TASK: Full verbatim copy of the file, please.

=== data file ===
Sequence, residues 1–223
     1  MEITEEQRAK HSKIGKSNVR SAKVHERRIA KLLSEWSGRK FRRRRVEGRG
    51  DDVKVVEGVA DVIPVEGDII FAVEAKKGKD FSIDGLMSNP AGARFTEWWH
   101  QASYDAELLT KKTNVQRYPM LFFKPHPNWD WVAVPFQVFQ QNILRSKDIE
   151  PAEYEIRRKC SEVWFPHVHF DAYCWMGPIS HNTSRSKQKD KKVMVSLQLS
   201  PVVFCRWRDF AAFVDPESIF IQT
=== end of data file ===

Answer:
Sequence, residues 1–223
     1  MEITEEQRAK HSKIGKSNVR SAKVHERRIA KLLSEWSGRK FRRRRVEGRG
    51  DDVKVVEGVA DVIPVEGDII FAVEAKKGKD FSIDGLMSNP AGARFTEWWH
   101  QASYDAELLT KKTNVQRYPM LFFKPHPNWD WVAVPFQVFQ QNILRSKDIE
   151  PAEYEIRRKC SEVWFPHVHF DAYCWMGPIS HNTSRSKQKD KKVMVSLQLS
   201  PVVFCRWRDF AAFVDPESIF IQT